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Can You Ever Forgive Me? review - Melissa McCarthy is fantastic in darkly funny Lee Israel biopic

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Verdict: A touching biopic that deftly mixes melancholy and wit, Can You Ever Forgive Me? boasts a terrific performance from Melissa McCarthy as the late Lee Israel.

Lee Israel, as depicted in Can You Ever Forgive Me?, was a difficult woman to like. We first see her drinking at work, rudely snapping at co-workers and getting herself fired in the process. She's broke, and her alcoholism and anti-social behaviour make it difficult to hold a job or make friends.

In her despair, she turns to forgery, discovering that there's a lucrative market for personal letters from deceased authors and playwrights - and that she has a talent for imitating their voices and personalities. 

This very easily could have been a deeply unlikeable character, but the writing, directing and Melissa McCarthy's performance all strike a fine balance that ultimately paint Lee Israel as a sympathetic figure. 

The fake letters and correspondence aren't just a way to make ends meet, although they certainly do just that - Lee takes real pride in her work, which ironically is the kind of work that she isn't allowed to take pride in publicly. Her passion for writing is the key to making you root for her. 

Her only real friend throughout this ordeal (not counting her cat) is Jack Hock (Richard E.Grant), an openly gay free spirit who shares Lee's love of drink and disdain for people. The two make a wonderful pair and a lot of the movie's laughs come from the way they bounce off each other.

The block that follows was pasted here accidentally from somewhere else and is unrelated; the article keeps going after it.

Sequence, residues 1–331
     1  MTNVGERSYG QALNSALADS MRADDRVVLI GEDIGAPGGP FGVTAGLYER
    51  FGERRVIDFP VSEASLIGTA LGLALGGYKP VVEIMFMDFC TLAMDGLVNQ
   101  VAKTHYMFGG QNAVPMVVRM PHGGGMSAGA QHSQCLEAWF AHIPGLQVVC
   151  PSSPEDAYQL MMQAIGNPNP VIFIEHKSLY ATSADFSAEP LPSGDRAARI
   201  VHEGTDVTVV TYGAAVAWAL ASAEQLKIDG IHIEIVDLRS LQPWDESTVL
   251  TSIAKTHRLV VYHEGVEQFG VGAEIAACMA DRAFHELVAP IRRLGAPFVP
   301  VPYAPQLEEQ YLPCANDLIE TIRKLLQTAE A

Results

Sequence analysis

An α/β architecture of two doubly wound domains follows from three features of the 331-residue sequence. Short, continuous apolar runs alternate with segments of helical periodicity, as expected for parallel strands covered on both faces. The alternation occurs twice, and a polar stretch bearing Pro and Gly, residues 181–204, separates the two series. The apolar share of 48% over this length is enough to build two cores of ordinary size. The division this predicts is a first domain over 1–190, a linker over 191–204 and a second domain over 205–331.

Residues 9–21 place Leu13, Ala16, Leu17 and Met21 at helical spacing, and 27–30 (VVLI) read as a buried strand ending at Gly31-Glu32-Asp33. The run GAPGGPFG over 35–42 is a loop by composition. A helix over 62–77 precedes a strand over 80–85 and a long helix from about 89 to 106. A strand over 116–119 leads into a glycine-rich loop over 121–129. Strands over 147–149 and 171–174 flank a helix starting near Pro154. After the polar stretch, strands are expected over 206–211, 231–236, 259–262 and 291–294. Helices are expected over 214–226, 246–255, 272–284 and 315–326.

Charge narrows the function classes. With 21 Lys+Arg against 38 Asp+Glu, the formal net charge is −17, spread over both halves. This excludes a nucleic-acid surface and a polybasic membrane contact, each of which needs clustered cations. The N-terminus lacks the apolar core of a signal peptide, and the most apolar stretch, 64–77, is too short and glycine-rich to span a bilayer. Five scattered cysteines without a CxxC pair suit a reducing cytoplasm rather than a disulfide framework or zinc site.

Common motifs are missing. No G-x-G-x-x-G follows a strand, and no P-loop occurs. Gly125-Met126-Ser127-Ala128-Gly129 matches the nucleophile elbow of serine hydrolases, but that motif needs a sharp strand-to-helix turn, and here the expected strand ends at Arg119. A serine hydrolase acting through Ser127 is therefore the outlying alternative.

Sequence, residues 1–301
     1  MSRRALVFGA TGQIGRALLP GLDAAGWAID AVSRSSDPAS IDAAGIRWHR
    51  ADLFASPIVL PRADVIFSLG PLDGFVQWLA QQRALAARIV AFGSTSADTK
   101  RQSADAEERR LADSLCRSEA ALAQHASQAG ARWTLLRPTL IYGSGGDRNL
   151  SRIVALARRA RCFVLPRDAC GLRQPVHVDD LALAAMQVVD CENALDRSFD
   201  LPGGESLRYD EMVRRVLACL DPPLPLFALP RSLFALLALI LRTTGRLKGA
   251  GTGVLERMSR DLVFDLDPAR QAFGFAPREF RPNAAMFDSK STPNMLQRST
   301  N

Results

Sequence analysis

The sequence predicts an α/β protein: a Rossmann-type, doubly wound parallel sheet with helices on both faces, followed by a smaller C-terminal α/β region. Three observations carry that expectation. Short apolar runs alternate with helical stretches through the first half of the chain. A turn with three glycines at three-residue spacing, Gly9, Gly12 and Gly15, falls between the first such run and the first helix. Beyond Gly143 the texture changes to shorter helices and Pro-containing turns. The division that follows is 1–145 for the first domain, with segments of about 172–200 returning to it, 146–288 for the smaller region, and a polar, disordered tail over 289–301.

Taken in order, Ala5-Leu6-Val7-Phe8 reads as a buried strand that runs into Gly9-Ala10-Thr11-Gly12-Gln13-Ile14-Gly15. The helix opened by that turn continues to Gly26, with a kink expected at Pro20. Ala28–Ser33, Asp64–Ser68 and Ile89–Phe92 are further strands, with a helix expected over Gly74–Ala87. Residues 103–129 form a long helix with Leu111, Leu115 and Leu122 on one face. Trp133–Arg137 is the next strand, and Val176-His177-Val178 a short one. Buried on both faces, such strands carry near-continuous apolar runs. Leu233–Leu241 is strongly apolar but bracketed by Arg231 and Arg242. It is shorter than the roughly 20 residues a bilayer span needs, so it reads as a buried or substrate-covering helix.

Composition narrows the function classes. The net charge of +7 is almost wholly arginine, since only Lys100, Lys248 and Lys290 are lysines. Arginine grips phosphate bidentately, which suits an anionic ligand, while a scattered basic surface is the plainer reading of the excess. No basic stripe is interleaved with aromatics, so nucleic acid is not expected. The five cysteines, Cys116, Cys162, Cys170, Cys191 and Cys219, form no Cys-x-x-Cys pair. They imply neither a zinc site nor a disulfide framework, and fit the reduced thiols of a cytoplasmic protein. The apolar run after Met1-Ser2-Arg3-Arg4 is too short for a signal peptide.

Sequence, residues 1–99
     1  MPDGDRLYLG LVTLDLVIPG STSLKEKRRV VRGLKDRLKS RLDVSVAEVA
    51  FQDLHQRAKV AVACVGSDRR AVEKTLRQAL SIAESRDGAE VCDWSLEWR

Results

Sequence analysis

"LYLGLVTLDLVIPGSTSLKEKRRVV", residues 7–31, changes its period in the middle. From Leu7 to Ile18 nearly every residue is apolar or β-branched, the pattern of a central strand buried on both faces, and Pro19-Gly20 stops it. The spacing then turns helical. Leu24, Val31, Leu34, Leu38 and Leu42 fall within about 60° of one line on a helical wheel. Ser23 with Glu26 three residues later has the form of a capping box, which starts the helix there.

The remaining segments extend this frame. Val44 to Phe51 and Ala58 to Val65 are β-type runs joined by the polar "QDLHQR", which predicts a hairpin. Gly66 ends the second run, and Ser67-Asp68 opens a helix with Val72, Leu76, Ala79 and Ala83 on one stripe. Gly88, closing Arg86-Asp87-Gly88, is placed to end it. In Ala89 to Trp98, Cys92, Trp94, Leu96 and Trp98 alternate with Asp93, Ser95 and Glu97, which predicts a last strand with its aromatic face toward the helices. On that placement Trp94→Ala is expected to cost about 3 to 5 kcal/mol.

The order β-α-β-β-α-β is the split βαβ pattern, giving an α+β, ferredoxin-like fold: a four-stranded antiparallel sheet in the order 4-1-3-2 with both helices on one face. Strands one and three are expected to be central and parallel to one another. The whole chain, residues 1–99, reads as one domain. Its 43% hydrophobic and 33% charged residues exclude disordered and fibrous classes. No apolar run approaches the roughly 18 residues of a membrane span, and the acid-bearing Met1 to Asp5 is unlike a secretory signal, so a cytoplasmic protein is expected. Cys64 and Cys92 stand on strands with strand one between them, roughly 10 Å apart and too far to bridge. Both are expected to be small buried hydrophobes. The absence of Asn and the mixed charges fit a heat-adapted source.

Jack's high energy and Lee's more grounded, cynical nature are a potent mix. It also helps that Grant and McCarthy are very talented and have terrific chemistry.

Lee herself was a lesbian and the movie explores both a past romantic relationship and a potential new one, as she starts to bond with bookseller and aspiring writer Anna (Dolly Wells). It's a touching, bittersweet love story that is doomed from the start - how can Lee be with someone that she lies to in order to sell her forgeries?

The story follows familiar beats. Lee's initial success with forgeries blossoms into a full-blown and lucrative criminal career - but it's not long before the whole thing falls apart. Collectors wise up to her fakes, the FBI gets involved and the knock down effect carries over to her personal life.

The familiar crime story framework works well for a couple reasons. One, it lets the movie focus on fleshing out the characters and two, the unusual nature of the crime itself does keep it from feeling stale. 

Can You Ever Forgive Me? is not a gut-busting, laugh-out-loud kind of comedy, nor a deeply moving drama that tries to say something profound about the human condition. It's a consistently entertaining, sweet little film with memorable quips and well-written characters you grow genuinely fond of by the end. 

Melissa McCarthy and Richard E. Grant both do great work here. McCarthy is of course, best known for her work in comedy and this performance ticks a few of those boxes, while also letting her show off some very impressive dramatic chops. A courtroom scene near the end that has Lee soberly reflect upon and take responsibility for everything that's happened is a particular standout. 

For fans of Melissa McCarthy, Can You Ever Forgive Me? is a must watch. It's also worth seeing by those that have dismissed her work in the past or judged her solely off the back of a few bad comedies - and if you're interested in Lee Israel's story, this is certainly a touching, witty tribute to a fascinating woman.

Can You Ever Forgive Me? arrives in UK cinemas on February 1st.

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